In this manuscript, we use the term marine bacteria since archaea in coastal waters normally only contributed to a minor (generally <1%) part of the total marine prokaryote population (Delong, 1992). Samples for BA were fixed with 25% glutaraldehyde (0.5% final concentration) for 30 min at 4°C, flash frozen in liquid nitrogen and stored at −80°C until analyzed. Thawed samples were stained with the nucleic acid-specific dye SYBR Green I (Invitrogen-Molecular Probes) for 15 min in the dark and analyzed using a FACSVerse (BD Sciences) flow cytometer. The abundance was calculated after daily calibration of the flow cytometer’s flow rate as described in Gasol and Morán (2015). Bacterial cell volume (μm3) was obtained with an empirical calibration between cell diameter and mean right-angle light scatter in the flow cytometer assuming a spherical shape (Calvo-Díaz and Morán, 2006). Bacterial biomass (BB) was calculated by converting size into biomass using: pg C cell–1 = 0.12 × cell size0.72 (Norland, 1993).

BP was measured by [3H] thymidine incorporation (Fuhrman and Azam, 1980). A stock solution of [3H-methyl] thymidine (20 nmol L–1 final concentration) was added to three replicate 9.9 mL samples and 2 trichloroacetic acid killed samples. The samples were incubated in the dark at the respective temperature (−3°C, in situ, +3°C) for 1 h, 10 mL of ice-cold trichloroacetate (TCA) was thereafter added and samples were filtered onto 0.2 μm polycarbonate filters (pre-soaked in non-labeled thymidine), washed with 95% ethanol and autoclaved Milli-Q water. The filters were hereafter dried at room temperature (24 h) and mixed with 10 mL of scintillation fluid (Ultima Gold). The radioactivity incorporated into cells was counted using a Perkin Elmer Tri-Carb 2810 TR scintillation counter. The disintegrations per minute (DPM) of the TCA-killed blank were subtracted from the DPMs of the samples. The thymidine incorporated by bacteria was converted into carbon units using the theoretical conversion factor of 2 × 1018 cells mol–1 thymidine (Fuhrman and Azam, 1980) and actual BB estimates at each sampling day and experiment. The integrated BP values (BPInt) was calculated as the cumulative incorporation rate integrated over time. The cell specific BP (Cell BP) was calculated dividing the BP estimate by the cell abundance. In this calculation we were aware of the uncertainty associated with the presence of non-living cells, which could have caused an underestimation of the Cell BP.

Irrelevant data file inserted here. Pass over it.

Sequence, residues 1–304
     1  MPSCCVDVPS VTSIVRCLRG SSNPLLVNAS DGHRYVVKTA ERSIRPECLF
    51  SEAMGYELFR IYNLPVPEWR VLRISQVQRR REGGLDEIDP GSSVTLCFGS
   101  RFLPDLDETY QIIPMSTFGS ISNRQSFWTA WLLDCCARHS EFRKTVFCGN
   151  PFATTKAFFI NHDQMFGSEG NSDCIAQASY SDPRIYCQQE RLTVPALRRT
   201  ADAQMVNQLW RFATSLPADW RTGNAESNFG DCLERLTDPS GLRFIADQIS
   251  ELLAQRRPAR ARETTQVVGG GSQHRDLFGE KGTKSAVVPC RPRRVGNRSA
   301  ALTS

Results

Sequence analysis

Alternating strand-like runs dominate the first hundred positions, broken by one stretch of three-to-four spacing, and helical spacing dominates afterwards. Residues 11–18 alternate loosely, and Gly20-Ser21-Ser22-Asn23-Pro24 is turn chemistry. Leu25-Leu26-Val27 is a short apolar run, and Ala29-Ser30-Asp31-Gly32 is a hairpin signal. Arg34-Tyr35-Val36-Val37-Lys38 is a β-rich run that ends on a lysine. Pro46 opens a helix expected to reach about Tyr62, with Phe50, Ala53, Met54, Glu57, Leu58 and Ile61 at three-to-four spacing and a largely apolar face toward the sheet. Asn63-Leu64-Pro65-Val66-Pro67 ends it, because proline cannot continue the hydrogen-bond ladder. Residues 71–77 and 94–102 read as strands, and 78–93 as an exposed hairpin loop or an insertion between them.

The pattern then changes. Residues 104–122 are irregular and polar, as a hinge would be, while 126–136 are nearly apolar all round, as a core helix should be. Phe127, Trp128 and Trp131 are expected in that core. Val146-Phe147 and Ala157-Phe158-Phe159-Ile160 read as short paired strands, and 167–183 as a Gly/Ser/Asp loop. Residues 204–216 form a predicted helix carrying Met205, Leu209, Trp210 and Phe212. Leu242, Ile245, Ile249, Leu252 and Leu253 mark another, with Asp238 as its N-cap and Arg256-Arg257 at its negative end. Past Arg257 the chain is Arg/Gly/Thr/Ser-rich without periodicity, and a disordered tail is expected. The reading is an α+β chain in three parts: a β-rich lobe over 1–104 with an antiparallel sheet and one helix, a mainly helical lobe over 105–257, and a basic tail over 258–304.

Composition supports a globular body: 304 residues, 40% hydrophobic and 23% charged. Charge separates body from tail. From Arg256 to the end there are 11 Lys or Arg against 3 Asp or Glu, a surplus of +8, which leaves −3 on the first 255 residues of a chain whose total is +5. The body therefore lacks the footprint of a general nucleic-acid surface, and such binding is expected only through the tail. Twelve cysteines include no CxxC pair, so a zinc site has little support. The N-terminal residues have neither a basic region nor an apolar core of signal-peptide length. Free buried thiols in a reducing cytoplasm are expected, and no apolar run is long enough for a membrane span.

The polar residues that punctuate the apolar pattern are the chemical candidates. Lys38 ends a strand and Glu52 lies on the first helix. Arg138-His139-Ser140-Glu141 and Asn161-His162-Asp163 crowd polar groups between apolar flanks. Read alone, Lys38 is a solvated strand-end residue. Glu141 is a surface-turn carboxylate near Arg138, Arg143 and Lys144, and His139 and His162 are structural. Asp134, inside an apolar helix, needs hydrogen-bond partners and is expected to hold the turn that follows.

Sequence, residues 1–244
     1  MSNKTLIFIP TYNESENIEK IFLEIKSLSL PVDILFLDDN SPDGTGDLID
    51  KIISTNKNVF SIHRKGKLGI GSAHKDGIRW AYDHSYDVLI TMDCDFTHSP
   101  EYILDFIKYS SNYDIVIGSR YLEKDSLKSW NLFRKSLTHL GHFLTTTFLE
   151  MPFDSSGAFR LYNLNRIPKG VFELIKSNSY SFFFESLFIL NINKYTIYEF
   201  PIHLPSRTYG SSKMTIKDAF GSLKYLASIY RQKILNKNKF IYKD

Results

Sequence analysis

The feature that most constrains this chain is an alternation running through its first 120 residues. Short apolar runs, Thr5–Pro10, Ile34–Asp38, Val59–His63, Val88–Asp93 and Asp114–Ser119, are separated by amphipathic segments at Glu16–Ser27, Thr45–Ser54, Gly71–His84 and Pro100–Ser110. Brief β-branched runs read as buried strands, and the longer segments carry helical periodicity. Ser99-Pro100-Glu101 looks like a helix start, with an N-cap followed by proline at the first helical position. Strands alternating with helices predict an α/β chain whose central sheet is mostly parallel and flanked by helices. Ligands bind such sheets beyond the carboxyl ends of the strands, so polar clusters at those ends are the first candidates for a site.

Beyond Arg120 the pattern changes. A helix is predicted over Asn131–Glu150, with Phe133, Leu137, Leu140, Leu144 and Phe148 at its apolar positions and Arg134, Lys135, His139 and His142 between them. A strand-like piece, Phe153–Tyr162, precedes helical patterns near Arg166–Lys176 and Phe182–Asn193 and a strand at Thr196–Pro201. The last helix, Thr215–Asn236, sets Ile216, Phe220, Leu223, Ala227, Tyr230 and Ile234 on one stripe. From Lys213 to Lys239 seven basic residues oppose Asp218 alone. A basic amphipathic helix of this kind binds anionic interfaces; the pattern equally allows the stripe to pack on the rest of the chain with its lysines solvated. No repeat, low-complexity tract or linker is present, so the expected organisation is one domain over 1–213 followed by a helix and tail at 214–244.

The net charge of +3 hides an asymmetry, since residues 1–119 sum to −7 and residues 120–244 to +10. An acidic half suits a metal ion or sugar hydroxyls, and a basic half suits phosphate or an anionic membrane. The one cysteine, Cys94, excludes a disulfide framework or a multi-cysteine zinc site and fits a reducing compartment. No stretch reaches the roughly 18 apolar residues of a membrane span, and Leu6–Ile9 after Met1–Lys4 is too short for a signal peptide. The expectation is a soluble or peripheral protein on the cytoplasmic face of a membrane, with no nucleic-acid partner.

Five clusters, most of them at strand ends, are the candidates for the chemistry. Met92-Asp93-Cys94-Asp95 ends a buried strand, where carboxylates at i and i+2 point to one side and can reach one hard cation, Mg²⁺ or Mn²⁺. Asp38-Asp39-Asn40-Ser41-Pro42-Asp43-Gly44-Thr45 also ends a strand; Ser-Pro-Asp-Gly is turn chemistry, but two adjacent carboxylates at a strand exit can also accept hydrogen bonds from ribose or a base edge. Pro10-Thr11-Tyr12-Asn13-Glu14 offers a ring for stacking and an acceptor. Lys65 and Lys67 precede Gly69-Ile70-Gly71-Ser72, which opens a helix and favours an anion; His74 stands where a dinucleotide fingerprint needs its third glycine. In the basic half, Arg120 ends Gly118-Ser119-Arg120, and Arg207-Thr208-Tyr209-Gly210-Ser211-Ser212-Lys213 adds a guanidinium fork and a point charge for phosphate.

The integrated bacterial growth efficiency (BGE in %) over the 4 days (BGEInt) was calculated as bacterial growth (BG, i.e., the net increase in BB between day 0 and the maximum, BG = BBMax – BBday0) divided by the BDOC:

BGE = ( BG / BDOC ) × 100 (1)

The hydrolysis of the fluorogenic substrate analogs L-leucine-7-amido-4-methylcoumarin (MCA),4-methylumbelliferyl (MUF)-β-D-glucoside and MUF-phosphate was analyzed to estimate potential activity rates of LAPase, BGase, and APase, respectively (Hoppe, 1983). LAPase is a proteolytic enzyme, BGase is a glycolytic enzyme, and APase is an esterase involved in the acquisition of P from DOM. The procedure was followed as previously described (Baltar et al., 2010, 2013). Briefly, EEA was determined after substrate addition and incubation using a spectrofluorometer with a microwell plate reader (Biotek Cytation 3 Imaging Multi-Mode Reader) at excitation and emission wavelengths of 365 and 445 nm, respectively. Samples (300 μL) were incubated in the dark at the respective temperature (−3°C, in situ, +3°C) for 1.5–3 h depending on activity. The increase in fluorescence over time was transformed into hydrolysis activity using a standard curve established with different concentrations of the fluorochromes MUF and MCA added to 0.2 μm filtered sample water. A final substrate concentration of 250 μmol L–1 was used, which was previously determined as saturating substrate concentrations. The integrated enzyme activity values (APaseInt, BGaseInt, and LAPaseInt) were calculated as the cumulative incorporation rate integrated over time.